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September 2019 – Component Obsolescence Set to Continue

Published on: 10/09/2019

Technology changes, shorter product life cycles and the consolidation of designs could result in more components reaching end of life

Component obsolescence. Semiconductors Image By GD Rectifiers

Component obsolescence has always been a problematic area for buyers, purchasers and procurement specialists within the power electronics industry, but the likelihood of products with long product lifecycles being made obsolete is becoming extremely common today. The reason for this is because OCM’s (original component manufacturers) are looking to consolidate their products by offering a dual purpose device that can provide better performance by replacing three or more separate devices.


How to tackle component obsolescence

Consolidating product ranges allows OCM’s to focus on the production of fewer devices, this allows mass production of fewer parts which ultimately speeds up time to market for customers. The ability to speed up production in factories is one of OCM’s top priorities when the market is in high demand like it is at the moment, the industry is working to tight deadlines but lead times are still at 34 weeks+ which is putting a strain on the component industry. The increased demand of semiconductors over the past two years has mainly been an impact of the amplified production of electric vehicles which as a result has pushed lead times out to as long as 52 weeks by some manufacturers.


When demand for components is high and the OCM’s are not producing components fast enough to service the demand, they will look to prioritise the production of their most popular devices and will decide whether or not to make underperforming devices obsolete in order to ease the production flow. While component obsolescence is not a new issue, it is becoming more acute within the industry. Recent consolidation in the supply base, coupled with mergers and acquisitions, transitions to new technologies and the changing demands of new systems has resulted in a higher rate of component obsolescence. When two companies merge it is quite common for the low-volume and redundant lines to be eliminated from the product portfolio.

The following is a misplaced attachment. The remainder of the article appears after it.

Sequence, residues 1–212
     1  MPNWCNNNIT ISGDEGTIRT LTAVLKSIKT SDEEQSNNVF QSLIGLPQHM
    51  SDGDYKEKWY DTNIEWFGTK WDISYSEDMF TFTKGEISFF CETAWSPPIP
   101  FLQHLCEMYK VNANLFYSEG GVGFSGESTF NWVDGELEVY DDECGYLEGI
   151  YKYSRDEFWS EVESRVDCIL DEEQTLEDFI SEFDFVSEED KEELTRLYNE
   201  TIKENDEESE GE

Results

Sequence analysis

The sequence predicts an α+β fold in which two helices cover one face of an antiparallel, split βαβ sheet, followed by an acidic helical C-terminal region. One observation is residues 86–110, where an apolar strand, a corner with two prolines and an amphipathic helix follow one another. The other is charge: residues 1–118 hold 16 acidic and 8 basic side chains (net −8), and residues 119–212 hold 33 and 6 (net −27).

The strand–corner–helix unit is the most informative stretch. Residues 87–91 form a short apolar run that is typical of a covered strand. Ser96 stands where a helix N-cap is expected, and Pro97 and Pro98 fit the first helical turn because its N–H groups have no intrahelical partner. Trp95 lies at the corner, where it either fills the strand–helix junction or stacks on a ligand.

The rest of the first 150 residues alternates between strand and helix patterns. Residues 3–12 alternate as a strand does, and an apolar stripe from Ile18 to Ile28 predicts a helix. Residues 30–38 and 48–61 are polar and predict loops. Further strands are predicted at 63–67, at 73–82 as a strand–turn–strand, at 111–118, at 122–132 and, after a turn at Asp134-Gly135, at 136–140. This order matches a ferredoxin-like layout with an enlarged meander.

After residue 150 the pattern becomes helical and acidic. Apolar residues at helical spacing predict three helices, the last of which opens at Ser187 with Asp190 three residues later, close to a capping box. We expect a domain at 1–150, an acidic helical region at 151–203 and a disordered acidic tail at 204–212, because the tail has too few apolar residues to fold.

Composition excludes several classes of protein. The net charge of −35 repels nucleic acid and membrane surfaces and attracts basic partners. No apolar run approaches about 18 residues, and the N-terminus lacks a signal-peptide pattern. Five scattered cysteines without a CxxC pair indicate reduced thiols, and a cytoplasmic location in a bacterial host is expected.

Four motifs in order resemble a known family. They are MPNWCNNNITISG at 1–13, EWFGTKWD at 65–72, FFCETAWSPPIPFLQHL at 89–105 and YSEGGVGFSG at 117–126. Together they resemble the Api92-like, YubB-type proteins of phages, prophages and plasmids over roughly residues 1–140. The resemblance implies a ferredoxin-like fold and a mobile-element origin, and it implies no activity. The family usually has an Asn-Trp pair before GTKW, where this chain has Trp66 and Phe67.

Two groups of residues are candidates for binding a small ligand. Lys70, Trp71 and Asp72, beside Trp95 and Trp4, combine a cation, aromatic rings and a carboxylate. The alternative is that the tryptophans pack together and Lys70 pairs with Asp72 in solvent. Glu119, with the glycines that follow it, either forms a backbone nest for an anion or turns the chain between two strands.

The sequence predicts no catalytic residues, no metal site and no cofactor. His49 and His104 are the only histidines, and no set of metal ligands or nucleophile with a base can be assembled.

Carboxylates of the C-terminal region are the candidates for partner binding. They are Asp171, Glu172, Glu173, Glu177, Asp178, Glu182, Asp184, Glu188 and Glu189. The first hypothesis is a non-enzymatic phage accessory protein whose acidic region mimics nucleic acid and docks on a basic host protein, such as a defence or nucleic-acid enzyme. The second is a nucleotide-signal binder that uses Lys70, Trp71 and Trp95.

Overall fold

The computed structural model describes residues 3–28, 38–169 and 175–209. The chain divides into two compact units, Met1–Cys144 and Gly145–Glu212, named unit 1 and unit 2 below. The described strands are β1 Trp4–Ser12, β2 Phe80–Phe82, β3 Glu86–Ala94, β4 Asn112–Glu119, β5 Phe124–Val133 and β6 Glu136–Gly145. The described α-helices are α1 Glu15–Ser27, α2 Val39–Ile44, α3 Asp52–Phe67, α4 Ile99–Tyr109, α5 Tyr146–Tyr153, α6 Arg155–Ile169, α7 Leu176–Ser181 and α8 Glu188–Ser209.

When PCNs (product discontinuation notices) are announced and buyers are made aware of component obsolescence, they should determine their own demand for parts over the next five years and assess whether it’s worth designing in a new part and phasing out the old device or just searching the market for existing stock. If the demand is relatively small and stock is likely to be on the market, then customers have two options; to purchase a lifetime buy or to source devices on the open market. Buyers should partner with their distributor or the factory direct in some cases, to discuss a lifetime buy.


A lifetime buy will only be available for a set period of time and should be explored as soon as the PCN has been issued to secure the stock and unit price. Distributors are a reliable source to organise lifetime buys because they will be one of the first to receive the notice and can move quickly to secure the stock.


If the buyer decides to source the parts on an open market they need to be prepared to potentially pay more for the parts than what they have previously ordered them at, and to spend more time sourcing the component through various channels as stock will be limited. A buyer would be strongly recommended to partner with their preferred distributor to source these devices, this will help them save time and money because the distributor will be better informed of product availability an d will know the best channels to source the devices.

If the demand is far greater than what a lifetime buy can offer, then buyers should explore the option of designing in a new part working closely with the manufacturer and in most cases their preferred distributor if they do not have a direct account.


GD Rectifiers is a global manufacturer and distributor of products, services and solutions to the commercial and industrial users of power electronic components. We work closely with our customers on component obsolescence, lifetime buys, scheduled orders, call-off orders and designing in new products to meet the strictest requirements.


GD Rectifiers works as an extension to your business, we source the components you need on time and within budget, we have access to components from over 30 of the world’s leading manufacturers and stock over 170,000 components at our factory in West Sussex, with the ability to pull in non-stocked product lines quickly to ensure we deliver your products when you need them. We take pride in our customer service, we source the components you need quickly so you have time to focus on other areas of your role, securing you the best possible price and notifying you of any product availability issues or phase out plans, we also provide expert technical support and aftercare.


GD Rectifiers offers a vast product range of semiconductor components, power assemblies and controllers, heatsinks and hardware, circuit protection devices, magnetic transducers and wound products, passive components and traction converters and subsystems. We partner with leading manufacturers IXYS, Semikron, Westcode, EDI, Eaton Bussmann and Mersen to offer over 170,000 components from stock.


For further information on GD Rectifiers’ extensive range of components or to discuss your product requirements, please call: 01444 243 452 or email:



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